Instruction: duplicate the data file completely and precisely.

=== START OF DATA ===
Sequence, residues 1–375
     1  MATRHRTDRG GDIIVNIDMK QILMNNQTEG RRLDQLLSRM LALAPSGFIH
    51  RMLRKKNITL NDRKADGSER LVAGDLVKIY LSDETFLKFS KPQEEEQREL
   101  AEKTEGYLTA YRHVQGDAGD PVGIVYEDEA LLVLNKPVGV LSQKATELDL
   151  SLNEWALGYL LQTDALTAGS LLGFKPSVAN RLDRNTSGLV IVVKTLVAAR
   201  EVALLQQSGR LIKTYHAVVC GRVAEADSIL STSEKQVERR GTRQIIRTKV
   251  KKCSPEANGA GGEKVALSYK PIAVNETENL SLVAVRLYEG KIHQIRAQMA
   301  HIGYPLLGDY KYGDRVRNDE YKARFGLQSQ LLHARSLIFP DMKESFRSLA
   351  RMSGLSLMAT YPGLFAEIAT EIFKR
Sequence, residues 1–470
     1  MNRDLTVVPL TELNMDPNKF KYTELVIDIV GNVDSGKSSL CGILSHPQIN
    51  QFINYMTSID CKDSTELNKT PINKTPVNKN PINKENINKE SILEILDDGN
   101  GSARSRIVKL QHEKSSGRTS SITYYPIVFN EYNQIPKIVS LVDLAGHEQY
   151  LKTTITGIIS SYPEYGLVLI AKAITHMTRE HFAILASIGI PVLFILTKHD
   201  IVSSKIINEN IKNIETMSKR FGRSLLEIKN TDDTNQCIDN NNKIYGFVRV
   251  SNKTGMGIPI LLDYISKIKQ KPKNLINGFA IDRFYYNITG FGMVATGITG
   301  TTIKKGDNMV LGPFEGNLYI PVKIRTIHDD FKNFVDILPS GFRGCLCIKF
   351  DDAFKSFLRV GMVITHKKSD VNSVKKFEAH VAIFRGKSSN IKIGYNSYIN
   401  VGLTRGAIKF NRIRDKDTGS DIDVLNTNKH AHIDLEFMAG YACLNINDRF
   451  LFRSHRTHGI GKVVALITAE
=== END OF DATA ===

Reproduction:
Sequence, residues 1–375
     1  MATRHRTDRG GDIIVNIDMK QILMNNQTEG RRLDQLLSRM LALAPSGFIH
    51  RMLRKKNITL NDRKADGSER LVAGDLVKIY LSDETFLKFS KPQEEEQREL
   101  AEKTEGYLTA YRHVQGDAGD PVGIVYEDEA LLVLNKPVGV LSQKATELDL
   151  SLNEWALGYL LQTDALTAGS LLGFKPSVAN RLDRNTSGLV IVVKTLVAAR
   201  EVALLQQSGR LIKTYHAVVC GRVAEADSIL STSEKQVERR GTRQIIRTKV
   251  KKCSPEANGA GGEKVALSYK PIAVNETENL SLVAVRLYEG KIHQIRAQMA
   301  HIGYPLLGDY KYGDRVRNDE YKARFGLQSQ LLHARSLIFP DMKESFRSLA
   351  RMSGLSLMAT YPGLFAEIAT EIFKR
Sequence, residues 1–470
     1  MNRDLTVVPL TELNMDPNKF KYTELVIDIV GNVDSGKSSL CGILSHPQIN
    51  QFINYMTSID CKDSTELNKT PINKTPVNKN PINKENINKE SILEILDDGN
   101  GSARSRIVKL QHEKSSGRTS SITYYPIVFN EYNQIPKIVS LVDLAGHEQY
   151  LKTTITGIIS SYPEYGLVLI AKAITHMTRE HFAILASIGI PVLFILTKHD
   201  IVSSKIINEN IKNIETMSKR FGRSLLEIKN TDDTNQCIDN NNKIYGFVRV
   251  SNKTGMGIPI LLDYISKIKQ KPKNLINGFA IDRFYYNITG FGMVATGITG
   301  TTIKKGDNMV LGPFEGNLYI PVKIRTIHDD FKNFVDILPS GFRGCLCIKF
   351  DDAFKSFLRV GMVITHKKSD VNSVKKFEAH VAIFRGKSSN IKIGYNSYIN
   401  VGLTRGAIKF NRIRDKDTGS DIDVLNTNKH AHIDLEFMAG YACLNINDRF
   451  LFRSHRTHGI GKVVALITAE